From: February 10, 2011
If you understand D & D and role-playing game humor, you will enjoy this. It’s a comedy made for nerds, by nerds. If you don’t understand the words “critical hit”, “NPC”, or “bardic knowledge” then you will probably miss out on some of the funnier moments. Essentially, this is an acquired taste and for those of us who are keen on authentically smelly, dorky references, this is an incredibly funny film. If on the other hand you think you are a nerd because you found some black rimmed glasses and brag about how much you like The Avengers films, then you’re probably too cool for this one.
The set-up is actually fairly clever. The main character is a fella who, relate-able to the demographic (males age 18-35), has problems both inside and outside the game. Specifically, girl problems. This movie goes back and forth between two stories; the story of the players at their table top and the stories of their characters in the game world. The idea is that you see the people themselves grow as they learn how to really role play instead of just trying to conquer a scenario. Each of the players more or less become their characters. Really, this is the purpose and highly applicable value of RPG gaming. As the players in The Gamers prove, critical problem solving skills that can be applied as they battle creatures and villains in their game can be relevant to the real world as well; a misunderstood and highly overlooked aspect of role-playing. The most intense of real world gamers are often accused of not being able to discern the difference between the real world and their game world, but on the contrary, the game world is an important mechanism for coping and adapting to a real world that can be, at times, awful. I will point out that the gamers of this film are also more true to real like RPGers than most movies would have general audiences believe. Sure, there are those gamers who chose to not trim their fingernails or wear deodorant, but there are also plenty of gamers who are really just normal gals and fellas, and it’s a pleasure to finally see them represented.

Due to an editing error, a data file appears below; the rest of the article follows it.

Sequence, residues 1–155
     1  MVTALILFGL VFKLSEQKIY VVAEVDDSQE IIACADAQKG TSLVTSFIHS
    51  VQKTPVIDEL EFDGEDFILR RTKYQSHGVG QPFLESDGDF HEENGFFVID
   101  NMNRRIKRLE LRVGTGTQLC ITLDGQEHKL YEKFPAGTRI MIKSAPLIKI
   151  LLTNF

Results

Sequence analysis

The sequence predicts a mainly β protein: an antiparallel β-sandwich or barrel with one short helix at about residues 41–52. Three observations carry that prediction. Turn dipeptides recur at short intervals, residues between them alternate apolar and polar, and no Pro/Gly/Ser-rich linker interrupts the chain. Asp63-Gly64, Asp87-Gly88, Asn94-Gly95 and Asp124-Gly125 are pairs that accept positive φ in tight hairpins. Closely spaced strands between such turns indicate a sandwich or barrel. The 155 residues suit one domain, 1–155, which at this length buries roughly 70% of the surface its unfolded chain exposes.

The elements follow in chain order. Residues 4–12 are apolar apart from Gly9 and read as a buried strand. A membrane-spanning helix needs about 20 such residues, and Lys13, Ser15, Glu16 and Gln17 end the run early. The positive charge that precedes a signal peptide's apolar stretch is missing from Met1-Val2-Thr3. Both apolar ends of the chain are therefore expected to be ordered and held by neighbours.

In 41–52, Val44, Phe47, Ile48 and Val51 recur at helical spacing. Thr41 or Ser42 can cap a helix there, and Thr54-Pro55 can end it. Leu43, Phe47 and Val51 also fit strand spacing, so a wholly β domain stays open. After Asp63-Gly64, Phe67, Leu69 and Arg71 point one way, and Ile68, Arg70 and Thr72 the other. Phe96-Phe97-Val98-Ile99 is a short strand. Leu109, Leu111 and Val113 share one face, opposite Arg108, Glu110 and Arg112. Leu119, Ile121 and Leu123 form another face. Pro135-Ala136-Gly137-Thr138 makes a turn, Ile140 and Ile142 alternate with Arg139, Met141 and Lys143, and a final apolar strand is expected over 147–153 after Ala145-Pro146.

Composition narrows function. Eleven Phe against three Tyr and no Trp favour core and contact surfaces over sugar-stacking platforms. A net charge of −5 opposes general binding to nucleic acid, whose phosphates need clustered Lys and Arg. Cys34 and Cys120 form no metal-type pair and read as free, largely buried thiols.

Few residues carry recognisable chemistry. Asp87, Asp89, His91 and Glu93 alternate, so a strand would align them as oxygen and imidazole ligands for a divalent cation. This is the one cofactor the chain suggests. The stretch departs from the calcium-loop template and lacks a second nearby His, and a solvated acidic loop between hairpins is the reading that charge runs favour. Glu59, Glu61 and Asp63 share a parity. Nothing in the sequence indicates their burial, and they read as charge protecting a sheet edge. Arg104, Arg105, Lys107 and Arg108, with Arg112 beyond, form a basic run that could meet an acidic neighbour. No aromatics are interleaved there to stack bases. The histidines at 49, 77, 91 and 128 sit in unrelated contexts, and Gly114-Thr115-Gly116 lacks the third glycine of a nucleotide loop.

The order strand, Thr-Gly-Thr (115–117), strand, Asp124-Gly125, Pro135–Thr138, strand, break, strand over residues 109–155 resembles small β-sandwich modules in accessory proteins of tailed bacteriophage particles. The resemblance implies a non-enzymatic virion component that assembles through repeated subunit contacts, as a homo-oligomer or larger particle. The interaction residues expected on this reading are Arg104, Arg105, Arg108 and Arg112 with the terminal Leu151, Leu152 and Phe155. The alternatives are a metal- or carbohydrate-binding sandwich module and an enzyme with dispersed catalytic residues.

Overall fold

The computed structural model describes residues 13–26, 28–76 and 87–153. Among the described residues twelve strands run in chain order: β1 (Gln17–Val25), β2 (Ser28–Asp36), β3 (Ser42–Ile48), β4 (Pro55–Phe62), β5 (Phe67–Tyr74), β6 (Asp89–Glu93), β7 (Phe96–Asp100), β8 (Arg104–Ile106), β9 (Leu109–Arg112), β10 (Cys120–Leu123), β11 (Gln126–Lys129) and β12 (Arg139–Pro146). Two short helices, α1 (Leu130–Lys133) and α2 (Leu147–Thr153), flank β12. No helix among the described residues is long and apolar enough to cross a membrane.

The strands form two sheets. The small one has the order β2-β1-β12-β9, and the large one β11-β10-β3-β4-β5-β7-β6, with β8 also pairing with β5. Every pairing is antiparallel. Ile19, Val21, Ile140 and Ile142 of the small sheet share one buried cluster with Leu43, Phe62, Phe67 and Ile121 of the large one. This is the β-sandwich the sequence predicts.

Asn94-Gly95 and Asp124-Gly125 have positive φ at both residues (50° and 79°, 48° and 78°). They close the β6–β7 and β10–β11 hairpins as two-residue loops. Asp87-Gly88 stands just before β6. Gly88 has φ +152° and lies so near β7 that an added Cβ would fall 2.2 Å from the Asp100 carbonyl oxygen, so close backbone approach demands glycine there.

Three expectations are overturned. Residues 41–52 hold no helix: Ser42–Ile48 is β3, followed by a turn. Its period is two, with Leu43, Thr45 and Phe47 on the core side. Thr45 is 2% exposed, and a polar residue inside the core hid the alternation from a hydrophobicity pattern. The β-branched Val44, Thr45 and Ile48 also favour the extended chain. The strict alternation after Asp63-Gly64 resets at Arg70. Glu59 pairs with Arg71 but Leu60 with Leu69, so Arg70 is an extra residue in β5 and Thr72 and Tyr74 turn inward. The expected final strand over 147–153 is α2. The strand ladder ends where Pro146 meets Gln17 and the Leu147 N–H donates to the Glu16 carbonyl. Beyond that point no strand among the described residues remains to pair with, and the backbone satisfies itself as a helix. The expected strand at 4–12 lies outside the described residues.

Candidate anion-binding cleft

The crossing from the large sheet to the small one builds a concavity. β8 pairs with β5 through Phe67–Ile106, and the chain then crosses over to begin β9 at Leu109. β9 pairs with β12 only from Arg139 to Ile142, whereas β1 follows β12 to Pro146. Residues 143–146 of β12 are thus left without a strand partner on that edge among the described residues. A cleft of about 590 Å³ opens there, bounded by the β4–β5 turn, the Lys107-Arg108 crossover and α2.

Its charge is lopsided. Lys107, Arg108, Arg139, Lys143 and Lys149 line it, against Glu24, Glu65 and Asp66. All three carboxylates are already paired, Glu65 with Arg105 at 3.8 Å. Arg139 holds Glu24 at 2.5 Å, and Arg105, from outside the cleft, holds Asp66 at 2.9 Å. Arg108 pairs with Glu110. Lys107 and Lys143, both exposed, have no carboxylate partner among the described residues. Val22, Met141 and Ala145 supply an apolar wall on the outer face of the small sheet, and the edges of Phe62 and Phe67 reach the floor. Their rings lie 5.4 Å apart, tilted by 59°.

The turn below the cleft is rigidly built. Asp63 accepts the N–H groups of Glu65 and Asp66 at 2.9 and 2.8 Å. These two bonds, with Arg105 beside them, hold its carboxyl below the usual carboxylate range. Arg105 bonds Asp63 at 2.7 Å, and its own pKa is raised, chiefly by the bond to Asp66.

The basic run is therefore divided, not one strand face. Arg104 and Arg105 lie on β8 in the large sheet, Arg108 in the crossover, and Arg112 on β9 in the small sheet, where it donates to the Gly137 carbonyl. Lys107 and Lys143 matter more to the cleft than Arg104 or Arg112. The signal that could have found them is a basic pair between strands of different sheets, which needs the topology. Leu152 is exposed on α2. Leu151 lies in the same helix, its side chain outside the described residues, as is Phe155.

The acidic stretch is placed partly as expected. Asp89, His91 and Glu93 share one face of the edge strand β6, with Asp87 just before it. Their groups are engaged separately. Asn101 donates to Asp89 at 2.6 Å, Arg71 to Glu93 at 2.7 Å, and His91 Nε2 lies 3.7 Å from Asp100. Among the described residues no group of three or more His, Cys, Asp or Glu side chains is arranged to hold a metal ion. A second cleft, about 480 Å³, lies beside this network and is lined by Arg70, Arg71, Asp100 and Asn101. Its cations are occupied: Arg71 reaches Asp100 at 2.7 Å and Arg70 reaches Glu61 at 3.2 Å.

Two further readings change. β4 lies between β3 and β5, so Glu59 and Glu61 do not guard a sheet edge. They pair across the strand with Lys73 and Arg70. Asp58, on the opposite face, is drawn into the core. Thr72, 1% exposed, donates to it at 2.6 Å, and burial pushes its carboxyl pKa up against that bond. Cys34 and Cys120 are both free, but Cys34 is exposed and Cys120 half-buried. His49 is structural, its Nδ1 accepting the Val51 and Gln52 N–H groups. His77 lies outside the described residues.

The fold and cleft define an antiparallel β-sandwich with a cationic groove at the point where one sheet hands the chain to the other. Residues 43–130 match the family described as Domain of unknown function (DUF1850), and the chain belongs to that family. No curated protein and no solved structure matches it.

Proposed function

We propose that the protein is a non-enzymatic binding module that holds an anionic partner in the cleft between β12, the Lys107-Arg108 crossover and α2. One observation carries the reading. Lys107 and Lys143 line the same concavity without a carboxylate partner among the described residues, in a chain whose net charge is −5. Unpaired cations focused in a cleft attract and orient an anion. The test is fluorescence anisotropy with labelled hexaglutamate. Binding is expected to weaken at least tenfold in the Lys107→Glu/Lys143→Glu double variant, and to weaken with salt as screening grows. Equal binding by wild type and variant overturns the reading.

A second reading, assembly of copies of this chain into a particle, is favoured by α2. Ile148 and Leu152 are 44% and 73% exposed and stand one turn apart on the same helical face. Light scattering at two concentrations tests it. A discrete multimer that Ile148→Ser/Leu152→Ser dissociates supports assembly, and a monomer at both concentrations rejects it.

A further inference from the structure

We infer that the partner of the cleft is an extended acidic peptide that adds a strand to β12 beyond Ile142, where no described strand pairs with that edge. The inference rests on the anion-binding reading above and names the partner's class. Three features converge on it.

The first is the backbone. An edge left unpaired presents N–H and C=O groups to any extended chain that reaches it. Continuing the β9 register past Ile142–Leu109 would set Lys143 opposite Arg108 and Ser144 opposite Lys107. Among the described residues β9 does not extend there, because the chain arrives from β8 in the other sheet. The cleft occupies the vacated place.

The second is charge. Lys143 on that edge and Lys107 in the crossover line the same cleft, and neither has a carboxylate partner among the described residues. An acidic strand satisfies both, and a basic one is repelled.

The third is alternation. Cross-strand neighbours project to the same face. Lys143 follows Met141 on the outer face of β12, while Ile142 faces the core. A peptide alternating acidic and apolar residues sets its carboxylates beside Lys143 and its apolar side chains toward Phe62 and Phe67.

The film quality and effects are intentionally bad, but aren’t any worse than the actual D & D movies (and better actually, because there aren’t any Wayan’s brothers in The Gamers). Nobody you’d recognize is in this. It’s a very cheap production, made by a bunch of people who are likely just friends who came up with an idea. Sometimes, as is the case with this feature, this warm-hearted, low-quality film making can be endearing.